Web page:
contamination will occur resulting in porosity. Care must be taken to ensure that the weld area is sufficiently protected
and this is particularly relevant in site welding applications. With the gas shielded processes, gas purity and the
efficiency of the gas shield must be as good as possible. Gas hoses should be checked for
damage and leaks at regular intervals and, with the TIG process, as large a ceramic shroud as
possible should be used together with a gas lens. It goes without saying that gas purging of
the root is essential when depositing a TIG root pass.

A small amount of hydrogen (up to 10%) added to the argon shield gas has been found to
reduce the problem. Start and finish porosity is a problem when MMA welding. The weld start
should be carried out by welding back over the arc strike position, remelting any porosity that
has formed due to the poor gas shielding at the start of the weld. Care also needs to be taken
at the weld end, with the arc length reduced and travel speed increased slightly to reduce weld
pool size.

Oxygen is also a cause of porosity in certain circumstances when it combines with carbon in the weld pool to form
carbon monoxide. Consumable manufacturers generally overcome this problem by ensuring that sufficient deoxidants
(primarily manganese, aluminium and titanium) are present in the filler metal.

One feature of nickel alloys that is often encountered is the formation on the surface of the weld pool of a viscous and
adherent scum. This can be difficult to remove and can result in inclusions and lack of inter-run fusion if not removed
prior to depositing the next pass. Wire brushing is frequently not sufficient to remove this layer and it then becomes
necessary to grind the weld surface.

The weld pool, in addition to this surface film, is also sluggish and does not flow freely as with a carbon or stainless
steel. This may result in a lumpy and very convex weld bead and a poor toe blend unless the welder manipulates the
weld pool to avoid such defects. Although stringer beads may be used, a slight weave to assist the weld metal to wet
the side walls of the preparation is beneficial. In addition, weld preparations must be sufficiently wide to enable the
welder to control and direct the weld pool; an included angle of 70 to 80° is recommended for V butt welds.

A U preparation included angle of 30 to 40° is acceptable and, though more expensive to machine than a V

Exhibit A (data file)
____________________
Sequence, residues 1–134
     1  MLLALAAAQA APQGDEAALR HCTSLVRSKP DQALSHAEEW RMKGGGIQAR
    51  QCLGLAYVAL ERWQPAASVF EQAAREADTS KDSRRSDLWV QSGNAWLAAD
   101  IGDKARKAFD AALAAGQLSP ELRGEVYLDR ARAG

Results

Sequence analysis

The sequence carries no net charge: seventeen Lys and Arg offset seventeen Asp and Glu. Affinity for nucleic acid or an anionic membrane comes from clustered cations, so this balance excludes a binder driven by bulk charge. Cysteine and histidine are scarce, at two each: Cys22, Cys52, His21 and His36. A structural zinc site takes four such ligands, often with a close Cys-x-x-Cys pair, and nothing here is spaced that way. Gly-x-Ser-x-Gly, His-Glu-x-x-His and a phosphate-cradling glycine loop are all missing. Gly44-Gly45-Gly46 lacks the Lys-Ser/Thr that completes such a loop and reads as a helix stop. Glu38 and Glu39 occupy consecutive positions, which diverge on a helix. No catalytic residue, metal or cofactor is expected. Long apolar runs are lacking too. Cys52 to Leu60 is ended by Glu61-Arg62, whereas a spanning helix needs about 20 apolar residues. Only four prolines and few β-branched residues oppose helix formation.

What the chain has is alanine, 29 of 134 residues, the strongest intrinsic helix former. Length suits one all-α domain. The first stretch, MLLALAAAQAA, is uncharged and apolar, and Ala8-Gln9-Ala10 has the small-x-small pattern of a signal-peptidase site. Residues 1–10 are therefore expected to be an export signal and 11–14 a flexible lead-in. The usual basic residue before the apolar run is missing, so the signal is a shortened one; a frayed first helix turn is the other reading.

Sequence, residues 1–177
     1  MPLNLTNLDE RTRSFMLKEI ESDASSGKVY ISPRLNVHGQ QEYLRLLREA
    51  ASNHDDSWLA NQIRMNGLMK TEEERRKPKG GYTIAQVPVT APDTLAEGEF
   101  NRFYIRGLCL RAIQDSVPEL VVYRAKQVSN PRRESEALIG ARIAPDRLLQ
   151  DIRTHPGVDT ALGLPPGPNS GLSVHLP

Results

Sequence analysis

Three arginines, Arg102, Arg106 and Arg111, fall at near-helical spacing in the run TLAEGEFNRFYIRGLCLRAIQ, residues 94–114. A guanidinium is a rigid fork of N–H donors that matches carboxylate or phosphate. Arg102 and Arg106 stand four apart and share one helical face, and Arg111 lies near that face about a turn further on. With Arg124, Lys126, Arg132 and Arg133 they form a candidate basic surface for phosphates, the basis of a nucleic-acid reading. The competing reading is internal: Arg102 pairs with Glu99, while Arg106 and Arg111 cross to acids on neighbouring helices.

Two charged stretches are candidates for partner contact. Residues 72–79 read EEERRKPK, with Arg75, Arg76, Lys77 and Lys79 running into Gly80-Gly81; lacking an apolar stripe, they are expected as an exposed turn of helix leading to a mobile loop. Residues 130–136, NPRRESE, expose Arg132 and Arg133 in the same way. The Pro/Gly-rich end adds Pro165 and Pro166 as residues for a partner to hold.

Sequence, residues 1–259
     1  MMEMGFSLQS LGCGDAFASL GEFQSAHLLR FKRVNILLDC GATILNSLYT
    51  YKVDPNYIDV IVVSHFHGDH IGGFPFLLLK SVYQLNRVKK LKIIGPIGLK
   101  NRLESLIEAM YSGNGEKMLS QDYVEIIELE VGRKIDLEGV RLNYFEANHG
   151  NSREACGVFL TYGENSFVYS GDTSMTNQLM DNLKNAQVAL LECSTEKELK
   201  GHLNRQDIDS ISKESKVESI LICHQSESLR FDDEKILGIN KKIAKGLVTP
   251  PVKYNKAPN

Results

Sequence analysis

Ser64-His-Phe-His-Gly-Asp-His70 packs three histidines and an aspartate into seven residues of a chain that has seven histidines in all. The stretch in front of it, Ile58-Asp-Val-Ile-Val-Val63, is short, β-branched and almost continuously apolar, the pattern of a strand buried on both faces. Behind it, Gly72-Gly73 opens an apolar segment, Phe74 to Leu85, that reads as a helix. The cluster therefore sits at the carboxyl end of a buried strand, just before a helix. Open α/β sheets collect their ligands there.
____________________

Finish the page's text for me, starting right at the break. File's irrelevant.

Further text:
preparation, may be cheaper overall as the amount of filler wire required can be reduced, depending on material
thickness. Addition of hydrogen to the shield gas (up to 10%H in argon) in TIG welding also has been found to be
beneficial in reducing the weld pool surface tension.

A further characteristic of nickel alloys is that the amount of penetration is less than with a carbon or stainless steel.
Increasing the welding current will not increase penetration. The implication of this is that the root face thickness in
single sided full penetration welds should be less than with a stainless steel. It is recommended that the thickness of
the root face should not be greater than 1.5mm in a zero gap TIG butt weld. Removable backing strips are very useful
to control root bead shape. These can be made from copper, stainless steel or a nickel alloy. Carbon or low alloy steel
backing strips should be avoided.

Although weldability of nickel and its alloys is generally good the composition, metallurgical structure and its heat
treatment and/or service history all affect its response to welding. Wrought, fine grained components have better
weldability than cast items as these often have significant amounts of segregation. Coarse grains may lead to micro-
fissuring in the HAZ thus high heat input is best avoided. All the alloys are best welded in the annealed or solution
treated condition and this applies particularly to the precipitation hardenable alloys such as Inconel 718.

Further precautions to be taken with the commoner welding processes and recommendations on the welding of
specific alloys will be covered in Part 2.